A New Leader at New York Theater Ballet and a Call for New Audiences
The company’s 2017-18 season came to a close Thursday night at the Jacob K. Javits Center with a grand, if not a grandiose production of Giselle. I was fortunate to be there.
The production was led with the presence of new artistic director and choreographer Jonathan Bosis, who I’ll call the new leader. He joined the company in the fall of 2016 from London, where he had been the artistic director of the Royal Victorian Ballet since 2003–the first year that the company was made an operating, not a mere research, entity.
Bosis came to New York with a well-tuned, well-thought-out approach to dance. He had the vision to create a ballet that featured an ensemble of dancers who were not necessarily dancers trained by him. Rather, he created a new vision for dance through his choice of an all-female cast, with male dancers brought in for the most part to help out.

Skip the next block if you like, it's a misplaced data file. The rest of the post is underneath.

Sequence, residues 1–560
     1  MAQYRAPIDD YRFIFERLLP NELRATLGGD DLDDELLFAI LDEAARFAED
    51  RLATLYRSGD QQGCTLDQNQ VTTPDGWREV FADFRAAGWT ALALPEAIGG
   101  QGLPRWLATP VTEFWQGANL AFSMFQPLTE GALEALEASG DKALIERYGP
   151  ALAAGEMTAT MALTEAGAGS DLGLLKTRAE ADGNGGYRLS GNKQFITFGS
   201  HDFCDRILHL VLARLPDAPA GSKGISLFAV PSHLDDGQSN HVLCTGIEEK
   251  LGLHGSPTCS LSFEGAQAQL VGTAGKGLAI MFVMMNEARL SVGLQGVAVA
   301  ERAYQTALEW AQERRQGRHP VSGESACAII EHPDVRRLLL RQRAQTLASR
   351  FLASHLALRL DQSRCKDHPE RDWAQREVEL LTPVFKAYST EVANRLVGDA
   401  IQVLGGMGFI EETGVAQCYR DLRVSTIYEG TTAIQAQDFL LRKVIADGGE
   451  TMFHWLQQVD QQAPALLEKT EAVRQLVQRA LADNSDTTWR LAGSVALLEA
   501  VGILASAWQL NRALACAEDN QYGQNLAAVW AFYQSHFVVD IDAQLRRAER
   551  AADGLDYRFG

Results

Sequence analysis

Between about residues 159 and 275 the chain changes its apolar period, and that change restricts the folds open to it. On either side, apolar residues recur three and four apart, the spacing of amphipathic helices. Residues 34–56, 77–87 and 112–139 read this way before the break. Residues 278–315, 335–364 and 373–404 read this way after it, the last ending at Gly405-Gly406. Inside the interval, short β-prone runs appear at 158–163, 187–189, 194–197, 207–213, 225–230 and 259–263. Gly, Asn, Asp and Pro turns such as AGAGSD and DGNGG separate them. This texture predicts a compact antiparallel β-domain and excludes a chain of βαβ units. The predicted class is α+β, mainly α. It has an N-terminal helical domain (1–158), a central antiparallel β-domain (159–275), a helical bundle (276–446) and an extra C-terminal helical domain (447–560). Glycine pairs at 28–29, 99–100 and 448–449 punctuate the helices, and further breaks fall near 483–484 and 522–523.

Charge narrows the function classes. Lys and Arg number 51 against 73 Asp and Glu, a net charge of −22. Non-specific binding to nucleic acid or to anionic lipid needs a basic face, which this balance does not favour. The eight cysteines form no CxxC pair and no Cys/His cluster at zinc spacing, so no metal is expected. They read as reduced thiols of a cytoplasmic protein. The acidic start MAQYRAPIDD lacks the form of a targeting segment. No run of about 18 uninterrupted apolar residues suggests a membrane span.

So far so good. The company’s New Works Festival, which I’ll be writing about later, has proven to be an excellent platform for new artistic directors to try and get a foothold in the world of dance. The company was able to build a good amount of goodwill with audiences from both sides of the cultural divide at the inaugural festival in June.
‘Giselle’ the First New Works to Reap a Season of Success
The 2014 production of Giselle, the ballet that started the company on its rollicking path, featured an all-male cast with two male leads, the charismatic and brilliant baritone of Andrew Whitworth as Valenere and the energetic and passionate baritone of Peter Jayne as Giselle. So far so good.
However, by the time of this season’s production, he had already made his mark